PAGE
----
Why Europe must demand a quid pro quo from Bush

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Series Details Vol.7, No.36, 4.10.01, p6
Publication Date 04/10/2001
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Date: 04/10/01

By Gareth Harding

Europeans have stood shoulder to shoulder with the people of the United States since the appalling attacks of 11 September. They have felt the same sense of outrage, mourned in tandem, sworn to fight the scourge of global terrorism together and equated the strike against America as an assault on the values that Europeans hold dear.

This solidarity from the old continent has been much appreciated in the 'new world' and will be much needed if the international community is to rid the world of this 21st century form of barbarism.

But the US has to understand that support is one thing, blind obedience is another. The EU has given the United States no blank cheques to do what it likes in Afghanistan and is clearly not prepared to be treated as a junior partner in the war against terrorism.

At their mini-summit in Brussels last month, EU leaders said that a "riposte by the US is legitimate" but underlined that "actions must be targeted". They also emphasised that the fight against terrorism should be placed under UN control and would "require close cooperation with all the member states of the European Union".

This is a clear warning to President George W Bush not to walk the unilateralist path or to assume that any form of military strike will automatically get Europe's blessing. It also sends a powerful message to hawks within the Bush administration not to view the hunt for the attack's perpetrators as an excuse to launch a 'crusade' against Muslim extremists across the entire region.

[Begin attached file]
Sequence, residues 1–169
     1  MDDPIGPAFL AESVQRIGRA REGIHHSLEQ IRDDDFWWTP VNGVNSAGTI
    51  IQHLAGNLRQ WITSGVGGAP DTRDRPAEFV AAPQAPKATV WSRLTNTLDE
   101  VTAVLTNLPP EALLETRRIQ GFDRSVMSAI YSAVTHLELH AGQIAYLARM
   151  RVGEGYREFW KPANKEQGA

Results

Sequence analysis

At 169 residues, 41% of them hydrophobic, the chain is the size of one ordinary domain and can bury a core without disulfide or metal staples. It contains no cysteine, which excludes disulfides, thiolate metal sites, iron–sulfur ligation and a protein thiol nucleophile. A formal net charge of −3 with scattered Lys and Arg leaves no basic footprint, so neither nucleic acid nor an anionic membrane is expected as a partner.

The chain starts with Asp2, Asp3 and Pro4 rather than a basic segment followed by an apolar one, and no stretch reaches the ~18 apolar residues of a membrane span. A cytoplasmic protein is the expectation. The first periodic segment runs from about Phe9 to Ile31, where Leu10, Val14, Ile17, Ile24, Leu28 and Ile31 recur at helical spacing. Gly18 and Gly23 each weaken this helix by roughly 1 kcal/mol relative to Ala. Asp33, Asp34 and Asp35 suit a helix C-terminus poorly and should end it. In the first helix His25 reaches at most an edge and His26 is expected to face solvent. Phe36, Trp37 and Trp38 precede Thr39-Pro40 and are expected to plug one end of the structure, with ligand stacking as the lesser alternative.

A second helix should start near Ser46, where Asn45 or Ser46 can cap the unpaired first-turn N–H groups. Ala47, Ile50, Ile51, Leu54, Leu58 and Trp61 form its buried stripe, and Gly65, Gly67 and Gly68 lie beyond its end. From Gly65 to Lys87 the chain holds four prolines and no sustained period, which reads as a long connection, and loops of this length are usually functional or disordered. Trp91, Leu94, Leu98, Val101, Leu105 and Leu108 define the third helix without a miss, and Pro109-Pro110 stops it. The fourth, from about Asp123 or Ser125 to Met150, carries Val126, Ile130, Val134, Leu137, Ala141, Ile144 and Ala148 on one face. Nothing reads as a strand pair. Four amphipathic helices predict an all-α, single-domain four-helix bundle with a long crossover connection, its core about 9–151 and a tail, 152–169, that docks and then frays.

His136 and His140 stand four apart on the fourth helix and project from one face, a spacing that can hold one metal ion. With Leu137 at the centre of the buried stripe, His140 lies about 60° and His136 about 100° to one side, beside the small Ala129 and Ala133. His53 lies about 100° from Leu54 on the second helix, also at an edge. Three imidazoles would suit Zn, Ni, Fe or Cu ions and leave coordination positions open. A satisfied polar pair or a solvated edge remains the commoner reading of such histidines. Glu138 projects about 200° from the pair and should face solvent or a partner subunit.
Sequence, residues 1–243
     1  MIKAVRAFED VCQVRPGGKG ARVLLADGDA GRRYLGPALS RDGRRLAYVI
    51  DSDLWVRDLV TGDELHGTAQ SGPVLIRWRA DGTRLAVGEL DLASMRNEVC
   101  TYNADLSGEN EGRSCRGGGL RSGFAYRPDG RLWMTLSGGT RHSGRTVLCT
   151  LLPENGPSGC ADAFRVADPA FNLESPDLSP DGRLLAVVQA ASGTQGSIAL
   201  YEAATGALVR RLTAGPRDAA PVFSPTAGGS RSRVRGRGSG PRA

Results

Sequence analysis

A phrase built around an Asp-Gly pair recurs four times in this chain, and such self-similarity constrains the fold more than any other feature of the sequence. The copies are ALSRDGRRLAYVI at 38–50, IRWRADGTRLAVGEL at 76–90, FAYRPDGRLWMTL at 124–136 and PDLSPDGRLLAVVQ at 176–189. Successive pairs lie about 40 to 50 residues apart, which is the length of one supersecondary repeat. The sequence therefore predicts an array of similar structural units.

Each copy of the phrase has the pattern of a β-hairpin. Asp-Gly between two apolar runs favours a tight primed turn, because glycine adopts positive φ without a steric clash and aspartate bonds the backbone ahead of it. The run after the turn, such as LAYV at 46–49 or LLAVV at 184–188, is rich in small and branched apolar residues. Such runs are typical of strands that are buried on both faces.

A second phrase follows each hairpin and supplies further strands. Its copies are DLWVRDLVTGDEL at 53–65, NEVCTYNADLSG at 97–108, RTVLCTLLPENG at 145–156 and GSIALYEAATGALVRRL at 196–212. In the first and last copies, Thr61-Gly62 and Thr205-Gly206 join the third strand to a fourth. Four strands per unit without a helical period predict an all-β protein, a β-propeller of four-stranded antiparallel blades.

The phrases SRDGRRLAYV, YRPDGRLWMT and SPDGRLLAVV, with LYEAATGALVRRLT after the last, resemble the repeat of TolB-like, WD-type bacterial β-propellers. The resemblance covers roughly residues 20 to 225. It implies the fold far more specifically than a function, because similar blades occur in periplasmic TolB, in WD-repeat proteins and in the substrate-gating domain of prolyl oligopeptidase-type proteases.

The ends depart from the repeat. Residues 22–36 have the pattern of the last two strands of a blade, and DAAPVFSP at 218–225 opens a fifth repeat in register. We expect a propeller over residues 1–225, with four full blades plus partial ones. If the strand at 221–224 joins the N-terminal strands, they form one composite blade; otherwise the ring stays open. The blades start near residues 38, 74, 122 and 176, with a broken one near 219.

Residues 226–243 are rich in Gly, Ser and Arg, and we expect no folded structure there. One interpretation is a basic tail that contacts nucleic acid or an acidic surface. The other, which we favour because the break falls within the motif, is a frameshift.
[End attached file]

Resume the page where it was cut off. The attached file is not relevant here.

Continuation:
In the first months of his presidency, Bush mocked the whole notion of international cooperation by ripping up the Kyoto treaty on climate change, threatening to shred a decades-old agreement limiting nuclear tests and blocking moves to check stockpiles of chemical and biological weapons; he remains implacably opposed to setting up an International Criminal Court despite the fact that this would be the best place to try murderous thugs like Slobodan Milosevic and Osama Bin Laden; and he remains deeply suspicious of fora like the United Nations, to which the US owes billions.

So it must be slightly galling for EU leaders to now hear the Texas oilman talking about the need to build an international coalition against terror and declare in overtly Nietzchean terms that those countries that do not support the US should be considered its enemies.

Quid pro quo is a Latin expression that roughly translates as 'tit for tat' or 'You scratch my back, I'll scratch yours'. EU leaders should keep the phrase in the back of their minds as they stand by the US, because when those accused of last month's attacks are brought to justice, Europe should make it clear to the Bush administration that terrorism is just one of the world's many evils that must be defeated.

Global warming is every bit as dangerous to the future of the planet as the mullahs of the Taliban, yet the US has effectively washed its hands of any responsibility for rising sea levels and freak weather patterns. More children die of malnutrition in a day than were killed in the Twin Towers, yet Washington has slashed its aid budget in recent years. And landmines continue to claim the lives of thousands of innocent victims every year, yet America refuses to sign up to a convention that would ban their export.

This is not anti-Americanism; these are simple facts. As the world's two most powerful blocs gear up for war, EU leaders should not flinch from telling its ally across the ocean that it too has global responsibilities to fulfil.

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